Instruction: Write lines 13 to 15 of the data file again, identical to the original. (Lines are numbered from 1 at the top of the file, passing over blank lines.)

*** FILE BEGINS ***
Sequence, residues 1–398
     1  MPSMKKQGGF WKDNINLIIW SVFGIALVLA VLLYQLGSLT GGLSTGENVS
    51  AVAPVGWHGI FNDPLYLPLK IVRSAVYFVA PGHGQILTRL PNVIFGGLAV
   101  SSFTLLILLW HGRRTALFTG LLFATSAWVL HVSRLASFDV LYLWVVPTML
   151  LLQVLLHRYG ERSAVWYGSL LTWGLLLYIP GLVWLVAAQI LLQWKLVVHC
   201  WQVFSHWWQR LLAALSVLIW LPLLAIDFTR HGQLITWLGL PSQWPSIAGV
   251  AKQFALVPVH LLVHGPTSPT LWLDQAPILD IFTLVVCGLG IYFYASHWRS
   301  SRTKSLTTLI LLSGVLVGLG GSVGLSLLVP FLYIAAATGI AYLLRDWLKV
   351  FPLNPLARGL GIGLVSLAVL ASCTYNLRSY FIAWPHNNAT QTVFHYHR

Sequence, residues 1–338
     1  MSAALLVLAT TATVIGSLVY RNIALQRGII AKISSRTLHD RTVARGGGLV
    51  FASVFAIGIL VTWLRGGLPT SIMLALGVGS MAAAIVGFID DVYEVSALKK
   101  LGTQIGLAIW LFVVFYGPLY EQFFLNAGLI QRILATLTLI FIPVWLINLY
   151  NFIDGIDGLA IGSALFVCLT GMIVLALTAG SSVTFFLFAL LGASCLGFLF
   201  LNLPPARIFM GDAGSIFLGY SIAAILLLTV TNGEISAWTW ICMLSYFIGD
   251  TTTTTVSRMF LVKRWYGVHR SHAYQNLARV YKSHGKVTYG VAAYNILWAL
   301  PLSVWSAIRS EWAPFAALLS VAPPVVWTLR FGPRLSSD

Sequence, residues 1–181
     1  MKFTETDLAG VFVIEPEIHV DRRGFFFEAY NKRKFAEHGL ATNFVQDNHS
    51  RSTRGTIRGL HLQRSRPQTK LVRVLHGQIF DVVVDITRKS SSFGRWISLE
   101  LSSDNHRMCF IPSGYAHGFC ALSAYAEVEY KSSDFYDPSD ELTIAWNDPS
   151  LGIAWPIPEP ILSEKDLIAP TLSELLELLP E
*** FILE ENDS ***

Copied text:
   101  LGTQIGLAIW LFVVFYGPLY EQFFLNAGLI QRILATLTLI FIPVWLINLY
   151  NFIDGIDGLA IGSALFVCLT GMIVLALTAG SSVTFFLFAL LGASCLGFLF
   201  LNLPPARIFM GDAGSIFLGY SIAAILLLTV TNGEISAWTW ICMLSYFIGD